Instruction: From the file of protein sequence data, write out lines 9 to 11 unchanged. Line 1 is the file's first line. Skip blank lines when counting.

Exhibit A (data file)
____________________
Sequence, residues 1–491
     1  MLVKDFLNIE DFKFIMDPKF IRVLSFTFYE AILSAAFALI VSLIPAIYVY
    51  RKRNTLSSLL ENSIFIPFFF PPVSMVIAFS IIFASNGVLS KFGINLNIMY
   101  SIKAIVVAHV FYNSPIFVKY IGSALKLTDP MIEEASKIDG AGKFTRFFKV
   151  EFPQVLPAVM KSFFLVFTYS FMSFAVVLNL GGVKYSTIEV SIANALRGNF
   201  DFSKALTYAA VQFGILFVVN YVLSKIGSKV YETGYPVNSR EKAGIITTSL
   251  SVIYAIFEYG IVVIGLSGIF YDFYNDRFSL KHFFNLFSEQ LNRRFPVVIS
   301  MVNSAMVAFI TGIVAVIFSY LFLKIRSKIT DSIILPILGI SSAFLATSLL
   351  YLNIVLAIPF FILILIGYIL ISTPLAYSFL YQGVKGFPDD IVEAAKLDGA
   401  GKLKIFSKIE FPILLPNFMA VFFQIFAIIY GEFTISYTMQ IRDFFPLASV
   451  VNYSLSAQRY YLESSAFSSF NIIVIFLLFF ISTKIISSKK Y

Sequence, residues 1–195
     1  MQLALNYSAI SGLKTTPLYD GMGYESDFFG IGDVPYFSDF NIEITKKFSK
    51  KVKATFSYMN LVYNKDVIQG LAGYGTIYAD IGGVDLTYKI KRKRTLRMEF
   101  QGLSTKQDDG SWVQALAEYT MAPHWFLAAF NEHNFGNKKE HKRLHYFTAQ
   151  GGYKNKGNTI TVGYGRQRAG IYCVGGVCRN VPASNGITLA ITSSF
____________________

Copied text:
   351  YLNIVLAIPF FILILIGYIL ISTPLAYSFL YQGVKGFPDD IVEAAKLDGA
   401  GKLKIFSKIE FPILLPNFMA VFFQIFAIIY GEFTISYTMQ IRDFFPLASV
   451  VNYSLSAQRY YLESSAFSSF NIIVIFLLFF ISTKIISSKK Y